How many times have you heard that August is typically a “slow month”? The good news is that slower sales months offer more than just potential vacation time. Whether they occur during the summer or in late December (another traditionally slow time), downtime offers an ideal opportunity to lay the groundwork for future productivity and growth. Here are a few business tips on how you can maximize slow time in your business:
1. Plan and audit. A plan makes it easier for you to get where you're going. But in order to know where you should go, you first need to know where you actually are. Review your internal practices and controls to discover the areas that are holding your business back. Ask yourself, 'What should I do if I could start all over again?’ By examining specific areas within your company, you should be able to determine which areas impeded your growth in the past year. Would you have been able to secure a loan if you'd established better banking relationships? Once you find out where the weaknesses are, remember to then think in terms of future growth and develop a concrete plan of action.
One thing that is always on the back burner is disaster planning (personal and professional). That means taking care of personal wills and getting physical exams are good ways to take advantage of downtime.
2. Review customer statistics. All customers are not created equal, so in addition to knowing your customer base, you should also rank your top 10 to 15 accounts based on volume or revenue, if not both. This is where you're making your money. So determine what they're buying and what they have in common.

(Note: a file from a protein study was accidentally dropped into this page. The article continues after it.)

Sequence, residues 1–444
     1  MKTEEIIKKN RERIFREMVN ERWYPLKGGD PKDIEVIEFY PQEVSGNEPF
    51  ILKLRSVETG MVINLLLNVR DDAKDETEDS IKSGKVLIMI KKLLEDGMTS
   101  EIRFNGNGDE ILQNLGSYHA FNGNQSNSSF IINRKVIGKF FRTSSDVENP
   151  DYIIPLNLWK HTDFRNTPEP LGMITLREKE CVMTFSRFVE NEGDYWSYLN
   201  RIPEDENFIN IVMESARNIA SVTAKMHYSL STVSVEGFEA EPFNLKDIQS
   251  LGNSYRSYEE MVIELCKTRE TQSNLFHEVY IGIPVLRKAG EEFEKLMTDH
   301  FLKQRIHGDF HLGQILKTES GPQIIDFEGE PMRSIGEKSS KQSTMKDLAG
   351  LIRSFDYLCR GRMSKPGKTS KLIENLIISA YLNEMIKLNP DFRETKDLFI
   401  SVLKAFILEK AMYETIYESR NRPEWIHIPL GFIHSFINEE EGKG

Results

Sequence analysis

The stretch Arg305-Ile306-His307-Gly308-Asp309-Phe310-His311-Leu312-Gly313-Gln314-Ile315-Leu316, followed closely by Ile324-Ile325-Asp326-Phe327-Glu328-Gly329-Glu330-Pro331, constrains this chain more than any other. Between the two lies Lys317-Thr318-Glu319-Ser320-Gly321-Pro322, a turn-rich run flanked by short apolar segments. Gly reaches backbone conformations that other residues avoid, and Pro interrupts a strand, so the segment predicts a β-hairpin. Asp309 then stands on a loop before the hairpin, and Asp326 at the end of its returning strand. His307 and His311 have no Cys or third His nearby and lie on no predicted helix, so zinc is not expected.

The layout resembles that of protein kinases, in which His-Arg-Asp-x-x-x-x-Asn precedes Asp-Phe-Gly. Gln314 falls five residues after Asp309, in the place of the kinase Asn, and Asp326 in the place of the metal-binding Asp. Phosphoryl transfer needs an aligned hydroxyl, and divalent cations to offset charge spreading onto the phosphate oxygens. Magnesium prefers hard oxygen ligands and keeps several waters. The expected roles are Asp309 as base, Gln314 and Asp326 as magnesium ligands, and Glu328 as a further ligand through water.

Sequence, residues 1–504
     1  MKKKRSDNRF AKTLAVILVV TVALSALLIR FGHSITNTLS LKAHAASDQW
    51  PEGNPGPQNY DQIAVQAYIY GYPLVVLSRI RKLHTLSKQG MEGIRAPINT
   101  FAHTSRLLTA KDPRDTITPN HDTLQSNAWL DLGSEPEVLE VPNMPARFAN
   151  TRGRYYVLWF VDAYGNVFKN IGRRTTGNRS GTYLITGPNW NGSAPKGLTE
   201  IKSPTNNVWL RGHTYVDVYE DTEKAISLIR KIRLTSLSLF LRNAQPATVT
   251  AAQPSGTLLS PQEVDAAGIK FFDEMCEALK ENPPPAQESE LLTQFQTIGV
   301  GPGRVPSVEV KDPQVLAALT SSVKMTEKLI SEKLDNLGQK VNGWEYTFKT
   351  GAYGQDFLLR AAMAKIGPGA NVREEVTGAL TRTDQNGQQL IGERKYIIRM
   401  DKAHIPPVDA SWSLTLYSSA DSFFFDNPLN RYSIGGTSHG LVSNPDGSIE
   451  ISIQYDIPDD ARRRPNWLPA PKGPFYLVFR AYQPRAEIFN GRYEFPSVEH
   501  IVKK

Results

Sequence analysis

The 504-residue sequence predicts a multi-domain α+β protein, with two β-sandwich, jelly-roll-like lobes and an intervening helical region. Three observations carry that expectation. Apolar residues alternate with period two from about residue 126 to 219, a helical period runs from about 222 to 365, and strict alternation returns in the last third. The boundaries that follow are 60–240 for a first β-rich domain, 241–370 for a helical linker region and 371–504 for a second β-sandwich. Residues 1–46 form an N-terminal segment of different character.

Also be sure to gather information about customers who have reduced or withdrawn their business with you altogether. The most expensive cost on your financial statements could be the cost of not doing business with certain customers. Once you determine who those customers are, again think of the big picture and develop a game plan for resurrecting each account.
3. Combine work and play. There's no reason that you shouldn't benefit from your downtime by getting away from the office. Just make sure to keep your focus on business growth and opportunity. Some entrepreneurs play golf or tennis, but they're not always as discriminating as they should be when it comes to whom they should be playing with. So when planning your leisure activities, consider inviting your biggest clients or vendors. Your banker, accountant and lawyer are other great choices. I try to create relationships with them so while I'm enjoying myself, I'm also bettering my company.
Another great way to combine business and pleasure is to plan your company retreat or take that much-needed business trip during the slow months. Retreats offer an ideal time to review yearly productivity and plan for the coming year. At the same time, you can develop and solidify nonlocal business relationships by making visits to vendors and other associates.
If you find that your business doesn't experience extended periods of downtime, work these steps into your regular business program. These are the steps every businessperson who's really serious about business must take. This should be part of the business of the business.
Remember in order to lead your business to its goals, you must continually focus on the bigger picture. It's not the microstep that's important, it's the macro-outlook. If you can capitalize on your downtime as a limited commodity, your business will reap the rewards.